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World Bank presents historic funding package for Burma

World Bank President Jim Kim with Burma's President Thein Sein in Washington DC on May 2013. (PHOTO: World Bank)

The World Bank on Thursday announced a new funding package for Burma, in it’s first full framework for the country since 1984.

The Country Partnership Framework (CPF) will see US$1.6 billion in credits, loans and grants, as well as US$1 billion from the World Bank’s private investment arm. Funds in the form of technical assistance will also be granted.

“The CPF comes during the country’s transition from military rule to democratic governance, with its economy shifting from state-directed to market-oriented,” said the Bank in a 23 April statement, which identifies the framework priorities as: poverty reduction; improving the provision of essential services, such as health and education; and the development of Burma’s private sector.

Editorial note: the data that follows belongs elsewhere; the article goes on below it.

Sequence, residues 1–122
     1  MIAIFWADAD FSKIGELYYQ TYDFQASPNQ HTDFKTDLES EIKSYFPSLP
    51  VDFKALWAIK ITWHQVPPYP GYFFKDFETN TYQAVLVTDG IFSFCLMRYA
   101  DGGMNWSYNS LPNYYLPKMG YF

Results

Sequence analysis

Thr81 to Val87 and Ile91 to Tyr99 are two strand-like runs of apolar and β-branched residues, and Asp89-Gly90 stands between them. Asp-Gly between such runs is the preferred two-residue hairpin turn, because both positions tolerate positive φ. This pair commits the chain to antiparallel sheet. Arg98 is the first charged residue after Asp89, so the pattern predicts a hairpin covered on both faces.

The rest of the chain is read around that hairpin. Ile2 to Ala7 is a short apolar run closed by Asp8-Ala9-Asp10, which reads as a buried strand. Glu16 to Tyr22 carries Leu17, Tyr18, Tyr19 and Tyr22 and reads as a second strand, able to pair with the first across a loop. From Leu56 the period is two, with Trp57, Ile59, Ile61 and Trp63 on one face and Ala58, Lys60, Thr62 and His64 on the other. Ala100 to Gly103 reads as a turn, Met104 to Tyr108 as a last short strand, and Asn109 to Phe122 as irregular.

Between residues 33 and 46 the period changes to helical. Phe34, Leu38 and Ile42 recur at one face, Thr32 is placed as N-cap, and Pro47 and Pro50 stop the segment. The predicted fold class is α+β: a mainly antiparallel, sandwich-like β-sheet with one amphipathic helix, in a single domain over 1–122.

“The new Country Partnership Framework for Myanmar [Burma] is based on priorities developed in close consultation and engagement with stakeholders in Myanmar,” said Ulrich Zachau, World Bank Country Director for Myanmar.

“The Framework focuses on reducing rural poverty, providing basic services, and stimulating the private sector in an inclusive manner, so that especially the poor and vulnerable share in the benefits of reform. We look forward to working in partnership with the government, investors and civil society groups for the prosperity of the people of Myanmar,” he says.

Also announced on Thursday by the Bank was an agricultural assistance project for Burma, which will see a loan of US$100 million to increase year-round farming productivity.

Targeting rural areas, the project aims to improve land and water management, as well as recommendations for crop diversity, more effective farming techniques and training.

The World Bank has faced criticisms throughout its history for its encouragement of hasty economic liberalisation policies in countries that have weak or uncompetitive economies, and for representing the interests of wealthy developed nations, most notably the US, who is the Bank’s biggest funder and maintains a veto vote. The granting of sovereign immunity is also a prerequisite of any country doing business with the Bank, meaning the institution can not be held liable for any of its interventions.